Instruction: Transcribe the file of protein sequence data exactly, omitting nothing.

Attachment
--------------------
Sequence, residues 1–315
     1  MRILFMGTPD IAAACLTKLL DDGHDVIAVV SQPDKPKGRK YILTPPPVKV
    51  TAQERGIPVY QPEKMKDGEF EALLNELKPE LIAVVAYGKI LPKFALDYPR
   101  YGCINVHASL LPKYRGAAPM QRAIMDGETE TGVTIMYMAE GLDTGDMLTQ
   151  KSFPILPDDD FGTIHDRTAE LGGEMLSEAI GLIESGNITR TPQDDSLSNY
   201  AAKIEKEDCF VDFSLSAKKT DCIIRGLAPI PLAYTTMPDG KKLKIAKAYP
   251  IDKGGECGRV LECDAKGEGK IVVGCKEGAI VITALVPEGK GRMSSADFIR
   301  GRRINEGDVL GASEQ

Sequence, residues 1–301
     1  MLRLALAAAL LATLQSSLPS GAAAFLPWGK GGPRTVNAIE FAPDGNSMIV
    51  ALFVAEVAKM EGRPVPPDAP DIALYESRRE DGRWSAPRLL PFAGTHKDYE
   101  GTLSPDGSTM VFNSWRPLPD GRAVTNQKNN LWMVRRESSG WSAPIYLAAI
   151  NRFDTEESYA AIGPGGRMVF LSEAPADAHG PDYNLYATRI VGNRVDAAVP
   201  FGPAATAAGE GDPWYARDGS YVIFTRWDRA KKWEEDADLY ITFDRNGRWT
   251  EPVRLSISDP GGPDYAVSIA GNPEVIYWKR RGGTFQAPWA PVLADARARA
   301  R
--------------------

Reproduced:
Sequence, residues 1–315
     1  MRILFMGTPD IAAACLTKLL DDGHDVIAVV SQPDKPKGRK YILTPPPVKV
    51  TAQERGIPVY QPEKMKDGEF EALLNELKPE LIAVVAYGKI LPKFALDYPR
   101  YGCINVHASL LPKYRGAAPM QRAIMDGETE TGVTIMYMAE GLDTGDMLTQ
   151  KSFPILPDDD FGTIHDRTAE LGGEMLSEAI GLIESGNITR TPQDDSLSNY
   201  AAKIEKEDCF VDFSLSAKKT DCIIRGLAPI PLAYTTMPDG KKLKIAKAYP
   251  IDKGGECGRV LECDAKGEGK IVVGCKEGAI VITALVPEGK GRMSSADFIR
   301  GRRINEGDVL GASEQ

Sequence, residues 1–301
     1  MLRLALAAAL LATLQSSLPS GAAAFLPWGK GGPRTVNAIE FAPDGNSMIV
    51  ALFVAEVAKM EGRPVPPDAP DIALYESRRE DGRWSAPRLL PFAGTHKDYE
   101  GTLSPDGSTM VFNSWRPLPD GRAVTNQKNN LWMVRRESSG WSAPIYLAAI
   151  NRFDTEESYA AIGPGGRMVF LSEAPADAHG PDYNLYATRI VGNRVDAAVP
   201  FGPAATAAGE GDPWYARDGS YVIFTRWDRA KKWEEDADLY ITFDRNGRWT
   251  EPVRLSISDP GGPDYAVSIA GNPEVIYWKR RGGTFQAPWA PVLADARARA
   301  R